Does that voice on the airport PA system sound familiar?

Next time you go to the airport, listen up.

Not just to that guy seated next to you in the gate area making a deal on his cellphone. But to the recorded announcements on the public address system.

Some airports are customizing their public address messages to make themselves stand out against the general sameness of air travel and to improve communications with travelers.

To accomplish the goals, airports are finding distinctive voices for the routine announcements, injecting some fun into those announcements and using celebrities for specialized messages.

At Boston, Joe LoGiudice, an airport supervisor and part-time professional voice actor, is the "voice" of Logan airport. He delivers not only the routine announcements in the airport, but provides the voice for recorded telephone information and for the airport's low-power radio station.

Meanwhile, Massachusetts Gov. Deval Patrick, Boston Mayor Thomas Menino and Sen. Edward Kennedy, D-Mass., have all recorded personal messages welcoming visitors to the state.

Most airports these days use generic-sounding automated voices or recordings made by professional voice actors to deliver security messages and general information. Typically, an airport will hire an agency that produces radio and television commercials to record the announcements. The "talent" is generally a professional voice actor. A few airports use computer software that can generate announcements in several languages.

In Tennessee, the Nashville International Airport partnered with the Nashville Convention & Visitors Bureau to enlist Nashville recording artists to record terminal announcements.

For example, says Emily Richard of the Metropolitan Nashville Airport Authority, country artist Lee Ann Womack greets visitors this way: "This is Lee Ann Womack inviting you to relax and unwind in one of the airport's many restaurants. Thank you for choosing Nashville International Airport."

Charlie Daniels, Wynonna Judd and members of the Sugarland and Lonestar bands have recorded announcements for the Nashville airport.

"We now have the recording labels and business managers of artists contacting us to provide terminal announcements," Richard says. "They know this is a great way to get their artist's voice and name to millions of visitors."

Customized delivery

At Yeager Airport in Charleston, W.Va., Gov. Joe Manchin's recorded voice welcomes visitors. Amanda Wilson, a radio veteran who works for the airport's advertising agency, voices most announcements, and she adds a little bit of fun.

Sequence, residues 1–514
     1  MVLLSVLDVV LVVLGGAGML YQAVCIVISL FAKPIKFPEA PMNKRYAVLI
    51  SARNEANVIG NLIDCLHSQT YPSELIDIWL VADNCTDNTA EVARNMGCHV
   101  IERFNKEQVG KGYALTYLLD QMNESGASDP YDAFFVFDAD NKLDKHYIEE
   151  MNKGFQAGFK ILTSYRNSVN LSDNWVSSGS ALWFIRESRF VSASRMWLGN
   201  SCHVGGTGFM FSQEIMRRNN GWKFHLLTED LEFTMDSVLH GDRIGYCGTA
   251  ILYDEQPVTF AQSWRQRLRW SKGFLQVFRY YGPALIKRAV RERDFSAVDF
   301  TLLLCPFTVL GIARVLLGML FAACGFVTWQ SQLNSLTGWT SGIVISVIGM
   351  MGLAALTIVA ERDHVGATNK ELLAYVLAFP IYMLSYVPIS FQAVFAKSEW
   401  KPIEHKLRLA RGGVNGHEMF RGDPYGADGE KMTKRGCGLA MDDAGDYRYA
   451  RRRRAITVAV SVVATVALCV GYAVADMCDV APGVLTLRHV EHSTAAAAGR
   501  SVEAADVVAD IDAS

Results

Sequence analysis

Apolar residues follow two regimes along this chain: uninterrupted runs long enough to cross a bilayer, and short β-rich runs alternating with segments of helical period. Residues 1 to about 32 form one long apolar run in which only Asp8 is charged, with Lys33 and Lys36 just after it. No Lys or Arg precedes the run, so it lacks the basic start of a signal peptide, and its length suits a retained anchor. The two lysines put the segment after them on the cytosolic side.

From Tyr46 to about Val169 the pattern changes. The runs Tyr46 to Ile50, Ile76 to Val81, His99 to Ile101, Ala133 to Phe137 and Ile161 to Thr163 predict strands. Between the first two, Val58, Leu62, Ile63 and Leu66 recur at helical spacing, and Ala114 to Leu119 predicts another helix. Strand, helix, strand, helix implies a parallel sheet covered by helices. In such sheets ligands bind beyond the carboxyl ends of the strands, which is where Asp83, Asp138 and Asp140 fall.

Wilson urges people to "have a fantastic day" while alerting them to security measures. She slips in a few one-liners to keep folks on their toes.

For example, in the standard announcement warning travelers not to accept any packages from an unknown person she adds, "Especially that shifty-looking guy over there."

The Transportation Security Administration prescribes wording for security announcements, but the agency says it's willing to work with airports that want to customize the delivery.

Blue Grass Airport in Lexington, Ky., has received permission to replace the recorded announcements supplied by the TSA with the voice of Ray Holbrook, a longtime local radio and television personality.

Holbrook, 78, spent more than 40 years in local media and now does commercials for radio and television. After 9/11, airport officials approached him to record some of the announcements on the airport's public address system. He continues to do so.

His pay? Breakfast, complete with biscuits and gravy.

Holbrook says he enjoys the positive feedback from travelers who hear his announcements.

"A lot of people tell me, 'We know we're home when we hear you.' I like that I can make people feel comfortable, especially the way things are for travelers these days."

Blue Grass Airport Executive Director Michael Gobb says Holbrook "has a way of reassuring our customers," comparing it to the effect that former CBS newscaster Walter Cronkite had on his audience.

Entertainment factor

Holbrook's voice may be reassuring, but at McCarran airport in Las Vegas, some of the recorded voices you'll hear at the airport are downright entertaining.

Since the early 1970s, celebrities who have headlined at the many showrooms in town have recorded messages for moving walkways, reminding travelers to stand to the right so folks in a hurry can rush by on the left. Over the years, the voices have included Bill Cosby, Dick Clark, Phyllis Diller, Rich Little and Rodney Dangerfield.

"They all did it for free," says Randall Walker, airport director. "The messages are all funny and clever. The whole concept is to grab people's attention. If people don't pay attention, then it has no effect."

Paying attention on the moving walkway is important, but at the security checkpoint, it's essential. So, in 2004, the airport joined forces with the Las Vegas Convention and Visitors Authority to spice up the videos shown to passengers waiting in line.

Now, instead of the standard, stern, TSA-supplied instruction videos, passengers can be heard chuckling and occasionally guffawing at entertainment icons such as Wayne Newton and Cirque du Soleil, comics Carrot Top and Rita Rudner, and assorted clowns, magicians and celebrity impersonators.

The videos show those characters trying to get their medical devices, loose change, giant footwear, weapons and oversized carry-on bags past straight-faced security officers.